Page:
Section 28 of the Constitution outlines children’s rights, with one of the rights being that there needs to be proper care by parents, family members or someone else, or the child has to be taken away from the family.

What I want to highlight is what it means to properly take care of as a child. When a parent is still young and financially constrained, the child grows up with no exposure to so many important things that are vital to develop the child’s abilities.

This is why I find it absurd that there is even a policy under the Children’s Act that permits children who are 12-years old and above to have sex. The State/ Government actually makes it okay for them to have sex – can we realise the mindset being perpetuated here? Can we be surprised that we have such a high rate of teenage pregnancy? And we aware of the huge dependency that lies on government to continuously have to increase the amount of welfare grants to provide to these mothers and the mentality of poverty that this creates within these young parents?

#NYP2020: Our Future Now

In a country where youth make up an overwhelming (and growing) majority, it makes sense that there should be a plan for them. A plan that shows commitment from all areas of society: government, civil society and business. Most, importantly, it is essential that youth are empowered to feel that their future is literally within their hands and that they feel encouraged to participate meaningfully towards this.

The National Youth Policy is one such “plan”. It is a key tool and has great potential to contribute towards overcoming many of the challenges youth are currently facing. In addition, it can lay a good foundation for generations to come.

During January 2015, the Deputy Minister in the Presidency, Buti Manamela launched the draft of the National Youth Policy (2015 – 2020). In his invitation for comments, Manamela emphasised the importance of making sure that youth are an integral part of this process, “as architects for their own future”.

Policy priorities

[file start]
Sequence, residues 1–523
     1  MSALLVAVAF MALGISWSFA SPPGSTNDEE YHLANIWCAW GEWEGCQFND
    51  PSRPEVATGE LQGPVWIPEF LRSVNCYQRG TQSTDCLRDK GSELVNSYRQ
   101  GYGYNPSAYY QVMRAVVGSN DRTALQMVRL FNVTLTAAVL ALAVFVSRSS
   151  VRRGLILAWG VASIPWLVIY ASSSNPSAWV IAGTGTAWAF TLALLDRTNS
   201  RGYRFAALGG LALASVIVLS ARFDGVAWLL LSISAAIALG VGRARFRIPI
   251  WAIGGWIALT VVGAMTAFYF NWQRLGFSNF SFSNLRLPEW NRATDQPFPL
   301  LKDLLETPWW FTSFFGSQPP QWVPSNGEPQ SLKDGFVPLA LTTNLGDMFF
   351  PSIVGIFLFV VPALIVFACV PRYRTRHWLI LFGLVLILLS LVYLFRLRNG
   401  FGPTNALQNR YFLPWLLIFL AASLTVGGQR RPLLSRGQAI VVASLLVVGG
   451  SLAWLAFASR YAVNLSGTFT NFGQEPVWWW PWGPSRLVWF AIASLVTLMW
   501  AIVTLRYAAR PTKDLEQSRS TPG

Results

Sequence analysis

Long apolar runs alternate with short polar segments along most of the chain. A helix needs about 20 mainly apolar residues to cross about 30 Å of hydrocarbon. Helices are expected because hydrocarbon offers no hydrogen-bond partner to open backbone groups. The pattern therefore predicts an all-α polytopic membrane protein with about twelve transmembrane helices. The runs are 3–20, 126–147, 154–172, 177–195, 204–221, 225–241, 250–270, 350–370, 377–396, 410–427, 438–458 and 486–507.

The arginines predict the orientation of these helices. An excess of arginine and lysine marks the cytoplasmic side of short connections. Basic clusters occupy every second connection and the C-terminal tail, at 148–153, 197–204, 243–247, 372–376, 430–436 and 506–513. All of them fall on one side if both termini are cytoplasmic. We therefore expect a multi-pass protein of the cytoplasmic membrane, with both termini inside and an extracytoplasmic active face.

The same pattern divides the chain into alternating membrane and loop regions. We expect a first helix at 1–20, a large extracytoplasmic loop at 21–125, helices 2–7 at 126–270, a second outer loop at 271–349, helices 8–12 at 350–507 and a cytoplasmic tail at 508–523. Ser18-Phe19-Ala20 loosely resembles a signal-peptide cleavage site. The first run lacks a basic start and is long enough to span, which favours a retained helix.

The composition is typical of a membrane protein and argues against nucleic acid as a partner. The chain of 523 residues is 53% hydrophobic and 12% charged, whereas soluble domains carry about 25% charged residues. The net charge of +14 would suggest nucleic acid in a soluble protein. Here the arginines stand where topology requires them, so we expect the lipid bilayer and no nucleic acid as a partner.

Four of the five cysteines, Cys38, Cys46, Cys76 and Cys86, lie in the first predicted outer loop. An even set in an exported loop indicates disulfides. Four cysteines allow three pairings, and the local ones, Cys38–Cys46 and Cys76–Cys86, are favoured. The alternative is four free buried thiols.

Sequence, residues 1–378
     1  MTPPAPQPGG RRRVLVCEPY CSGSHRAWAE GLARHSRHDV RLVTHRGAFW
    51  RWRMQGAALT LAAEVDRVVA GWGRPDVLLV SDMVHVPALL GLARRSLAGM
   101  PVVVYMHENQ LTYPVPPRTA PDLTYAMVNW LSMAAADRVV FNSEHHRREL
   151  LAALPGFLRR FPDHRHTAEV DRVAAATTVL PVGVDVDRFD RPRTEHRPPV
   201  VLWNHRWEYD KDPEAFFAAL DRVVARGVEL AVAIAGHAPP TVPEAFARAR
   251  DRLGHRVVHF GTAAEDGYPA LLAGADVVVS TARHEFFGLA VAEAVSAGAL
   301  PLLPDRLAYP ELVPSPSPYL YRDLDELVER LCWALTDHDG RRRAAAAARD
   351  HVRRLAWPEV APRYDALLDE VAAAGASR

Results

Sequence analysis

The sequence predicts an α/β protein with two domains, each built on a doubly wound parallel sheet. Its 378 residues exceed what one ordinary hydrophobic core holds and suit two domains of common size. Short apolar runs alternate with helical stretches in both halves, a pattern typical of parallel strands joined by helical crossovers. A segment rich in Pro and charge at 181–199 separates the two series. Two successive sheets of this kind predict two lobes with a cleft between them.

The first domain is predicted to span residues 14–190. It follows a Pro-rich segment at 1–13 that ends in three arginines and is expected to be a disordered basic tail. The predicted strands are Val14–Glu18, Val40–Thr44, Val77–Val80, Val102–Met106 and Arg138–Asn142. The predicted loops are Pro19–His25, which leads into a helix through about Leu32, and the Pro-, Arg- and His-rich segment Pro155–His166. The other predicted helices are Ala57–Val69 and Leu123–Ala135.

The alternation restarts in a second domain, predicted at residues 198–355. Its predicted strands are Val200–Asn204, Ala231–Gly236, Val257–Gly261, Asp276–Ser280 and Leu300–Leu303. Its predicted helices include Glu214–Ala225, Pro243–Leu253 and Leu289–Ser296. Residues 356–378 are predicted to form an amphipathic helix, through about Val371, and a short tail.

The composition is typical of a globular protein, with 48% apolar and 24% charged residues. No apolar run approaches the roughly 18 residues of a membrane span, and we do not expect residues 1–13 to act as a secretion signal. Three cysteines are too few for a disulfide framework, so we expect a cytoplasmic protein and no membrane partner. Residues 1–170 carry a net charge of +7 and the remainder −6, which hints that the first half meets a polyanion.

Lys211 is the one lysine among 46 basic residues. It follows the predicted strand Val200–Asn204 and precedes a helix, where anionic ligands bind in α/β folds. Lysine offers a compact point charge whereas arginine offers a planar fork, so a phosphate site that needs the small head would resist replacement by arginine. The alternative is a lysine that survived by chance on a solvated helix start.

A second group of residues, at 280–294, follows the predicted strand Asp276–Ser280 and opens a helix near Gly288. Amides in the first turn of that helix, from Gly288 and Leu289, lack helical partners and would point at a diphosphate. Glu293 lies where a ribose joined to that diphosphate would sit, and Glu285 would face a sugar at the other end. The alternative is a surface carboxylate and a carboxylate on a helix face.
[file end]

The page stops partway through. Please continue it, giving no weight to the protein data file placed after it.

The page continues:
The draft policy outlines the following areas as priority:

  • Economic participation – youth empowerment as the core of the economic transformation agenda

  • Education, skills and second chances

  • Health care and combating substance abuse

  • Nation building and social cohesion

  • Optimising youth machinery for effective delivery and responsiveness

Recommendations from youth

This kind of invitation for young change drivers, like members of the ACTIVATE! network, is gold. As many are already involved in starting, running or contributing to change in their immediate surroundings – whether it be in their community, province, nationally or globally.

Throughout the six weeks of consultations, Activators have either been gathering, facilitating or joining discussions around their thoughts on the draft policy and extending this through engagements with the Presidency on social media.

Any policy that aims to fast-track youth development needs to be radical in thinking. This is something that hasn’t come through in this draft – without a review on the success of the previous policy (2009 – 2014), it is difficult to get a good sense of what the draft is based on. Such a policy must embrace who youth are (from age, access, diversity of needs), understand the underlying realities many grapple with and explore mechanisms that are often overlooked to support their success.  In the ACTIVATE! network, for example, is understanding that many young people are already actively engaged and require resources and support to drive change effectively. Here the government and its ‘machinery’ could be a useful partner.

The National Youth Development Agency and the South African Youth Council are named as the two primary vehicles to guide the implementation process of the NYP, despite their track record of “non-performance and challenges”. This policy will require a far more robust machinery and it is essential that any strategy adopted as part of it, is cognitive of this. And that the necessary support and specific turnaround plan

Please click here to read our submission.

Way forward